When God was about to lead the people of Israel out of Egypt, they were told to bring a lamb into their home on the 10th day of the first month (Exodus 12:3) before killing it on the 14th at twilight (Exodus 12:6).
When the Passover is defined as a national feast in Leviticus 23 and Deuteronomy 16, there is no mention of any requirement to keep the lamb beforehand. Was this just a once-off requirement as part of building up for the first Passover? If it was an ongoing rule, people who were having to travel to Jerusalem from all over Israel would need to either’ bring the lamb with them or arrive in Jerusalem early enough to get a lamb by that date. There is no mention of this happening when the people entered the land with Joshua (Joshua 4:19) on the 10th day of the first month. All that is mentioned is that the Passover was kept on the 14th day (Joshua 5:10) after the people were circumcised (as was required for any to take the Passover (Exodus 12:48)). Likewise, it seems that the selection of the lamb on the 10th day was not observed for the Passover in either the time of Hezekiah or the time of Josiah. It also seems reasonable to conclude that this was not wrong, but we can’t be sure.
The initial Passover seems to have been very much family-based. Families chose the lamb, kept it in their house, killed it, cooked it and ate it. Originally the Passover was not spoken of as an offering, but later references to Passover offerings seem to refer to the lamb or young goat that was killed for the Passover (Deuteronomy 16:2, 5-6) and possibly other animals as well. The meat was still to be eaten with unleavened bread and bitter herbs (Exodus 12:8; Numbers 9:11).
The indications are that, later, the killing was done by priests, possibly after checking that the lamb was flawless. Josiah gave orders that Levites should kill the lambs in the temple and give the blood to the priests (2 Chronicles 35:11) before skinning them. At that time, bulls were also provided in large numbers as burnt offerings, and it seems as if they were being offered at the same time – as seems to fit with the description in Deuteronomy 16:2 which refers to offerings from the herd. The Passover lamb would then be roasted entire. No bones were allowed to be broken or any parts removed (Exodus 12:46; Numbers 9:12).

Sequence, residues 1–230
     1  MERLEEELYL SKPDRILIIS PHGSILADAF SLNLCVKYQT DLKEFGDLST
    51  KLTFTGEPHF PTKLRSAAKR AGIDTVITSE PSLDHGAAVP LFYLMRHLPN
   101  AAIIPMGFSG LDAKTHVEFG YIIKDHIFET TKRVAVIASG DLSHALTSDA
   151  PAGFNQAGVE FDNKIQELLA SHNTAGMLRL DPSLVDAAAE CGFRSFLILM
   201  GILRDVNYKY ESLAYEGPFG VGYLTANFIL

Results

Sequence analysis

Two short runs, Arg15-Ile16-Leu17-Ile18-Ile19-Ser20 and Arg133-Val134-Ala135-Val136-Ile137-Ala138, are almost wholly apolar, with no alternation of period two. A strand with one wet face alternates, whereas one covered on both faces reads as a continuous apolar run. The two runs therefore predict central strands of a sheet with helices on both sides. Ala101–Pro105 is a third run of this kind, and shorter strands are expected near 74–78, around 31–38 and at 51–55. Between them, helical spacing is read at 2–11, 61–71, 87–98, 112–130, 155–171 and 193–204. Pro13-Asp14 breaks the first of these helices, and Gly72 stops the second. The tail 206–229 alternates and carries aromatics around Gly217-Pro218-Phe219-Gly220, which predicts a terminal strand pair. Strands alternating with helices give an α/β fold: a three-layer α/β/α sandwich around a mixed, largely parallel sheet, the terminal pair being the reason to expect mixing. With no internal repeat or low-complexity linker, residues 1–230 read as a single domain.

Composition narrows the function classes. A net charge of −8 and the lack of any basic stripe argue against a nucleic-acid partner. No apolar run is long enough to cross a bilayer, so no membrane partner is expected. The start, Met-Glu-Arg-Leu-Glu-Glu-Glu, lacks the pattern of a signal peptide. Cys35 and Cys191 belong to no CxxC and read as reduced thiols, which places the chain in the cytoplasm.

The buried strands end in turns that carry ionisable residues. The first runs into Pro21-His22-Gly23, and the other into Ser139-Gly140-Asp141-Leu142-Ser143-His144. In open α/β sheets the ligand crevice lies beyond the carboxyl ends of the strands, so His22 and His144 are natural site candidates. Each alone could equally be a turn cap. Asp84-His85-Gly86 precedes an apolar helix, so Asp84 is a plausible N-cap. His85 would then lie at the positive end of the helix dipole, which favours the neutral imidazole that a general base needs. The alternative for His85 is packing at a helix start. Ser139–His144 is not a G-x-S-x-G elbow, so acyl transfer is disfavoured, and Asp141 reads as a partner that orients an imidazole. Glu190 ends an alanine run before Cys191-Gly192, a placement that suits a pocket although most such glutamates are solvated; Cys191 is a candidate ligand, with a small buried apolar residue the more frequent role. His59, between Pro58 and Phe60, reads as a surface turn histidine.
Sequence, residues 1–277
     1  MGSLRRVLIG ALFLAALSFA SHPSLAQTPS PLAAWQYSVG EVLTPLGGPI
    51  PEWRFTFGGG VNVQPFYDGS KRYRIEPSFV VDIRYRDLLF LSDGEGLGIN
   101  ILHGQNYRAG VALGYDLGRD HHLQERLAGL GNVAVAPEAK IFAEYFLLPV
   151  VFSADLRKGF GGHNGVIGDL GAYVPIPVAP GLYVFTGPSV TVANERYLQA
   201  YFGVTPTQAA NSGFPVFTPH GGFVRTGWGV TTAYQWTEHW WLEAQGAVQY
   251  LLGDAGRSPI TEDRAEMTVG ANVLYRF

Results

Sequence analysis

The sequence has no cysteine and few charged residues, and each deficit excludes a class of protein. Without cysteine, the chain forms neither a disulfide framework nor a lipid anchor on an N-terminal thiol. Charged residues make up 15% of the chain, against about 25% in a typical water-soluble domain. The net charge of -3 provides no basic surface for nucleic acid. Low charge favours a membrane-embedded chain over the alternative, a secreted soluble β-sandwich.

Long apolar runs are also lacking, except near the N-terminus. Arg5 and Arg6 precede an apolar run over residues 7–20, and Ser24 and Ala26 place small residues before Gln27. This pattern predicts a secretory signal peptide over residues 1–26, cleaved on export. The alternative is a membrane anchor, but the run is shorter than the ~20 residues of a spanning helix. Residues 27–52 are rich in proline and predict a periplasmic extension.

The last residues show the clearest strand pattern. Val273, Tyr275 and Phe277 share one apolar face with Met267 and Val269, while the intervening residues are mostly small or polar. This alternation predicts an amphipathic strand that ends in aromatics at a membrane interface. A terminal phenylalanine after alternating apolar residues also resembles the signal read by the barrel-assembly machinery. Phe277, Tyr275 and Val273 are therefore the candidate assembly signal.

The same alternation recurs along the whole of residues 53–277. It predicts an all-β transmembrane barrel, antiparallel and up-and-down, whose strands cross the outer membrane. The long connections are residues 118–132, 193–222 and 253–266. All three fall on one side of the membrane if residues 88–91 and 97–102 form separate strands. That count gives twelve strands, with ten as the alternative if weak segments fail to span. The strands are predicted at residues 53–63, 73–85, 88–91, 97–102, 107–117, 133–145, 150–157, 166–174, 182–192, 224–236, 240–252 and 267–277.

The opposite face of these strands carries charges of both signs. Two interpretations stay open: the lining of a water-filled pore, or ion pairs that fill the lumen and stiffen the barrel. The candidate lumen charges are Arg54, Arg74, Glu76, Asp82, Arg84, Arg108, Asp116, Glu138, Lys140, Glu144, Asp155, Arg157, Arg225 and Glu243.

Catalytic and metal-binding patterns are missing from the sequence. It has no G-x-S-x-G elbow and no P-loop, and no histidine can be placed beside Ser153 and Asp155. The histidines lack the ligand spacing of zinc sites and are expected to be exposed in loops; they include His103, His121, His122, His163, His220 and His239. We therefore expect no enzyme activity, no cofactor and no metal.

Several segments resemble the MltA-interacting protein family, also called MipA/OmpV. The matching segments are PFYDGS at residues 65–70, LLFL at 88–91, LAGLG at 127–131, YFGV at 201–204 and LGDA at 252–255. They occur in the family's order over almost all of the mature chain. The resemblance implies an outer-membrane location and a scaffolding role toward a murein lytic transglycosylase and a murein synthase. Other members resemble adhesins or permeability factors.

Some other restrictions were placed on the people on that first Passover that are not mentioned elsewhere for subsequent Passovers:
One question that arises is when the lamb was to be killed. The time was twilight (apparently the Hebrew means “between the evenings” in Exodus 12:6 and Leviticus 23:5), but if the Hebrew day started at sunset, which end of the fourteenth day was the lamb killed – the start or end of the day? Based on the need to eat it with unleavened bread and the fact that the Feast of Unleavened Bread started on the fifteenth, it seems likely that it would be at the end of the fourteenth so that, by the time the lamb was ready to be eaten, it was the fifteenth day of the month and the Feast of Unleavened Bread had already begun.
Notes Note that some national offerings were also required at the Passover and Feast of Unleavened Bread, as detailed in Numbers 28:16-25.  Note that Exodus 12:31 says that Pharaoh summoned Moses and Aaron that night to give them the message that the people could leave Egypt, but it is worth noting that the verse does not explicitly say that Moses and Aaron went to him, and, at their last meeting, he had told them that they were not to see his face again (Exodus 10:28-29). Possibly they were called but refused to go, so the message was sent to them anyway.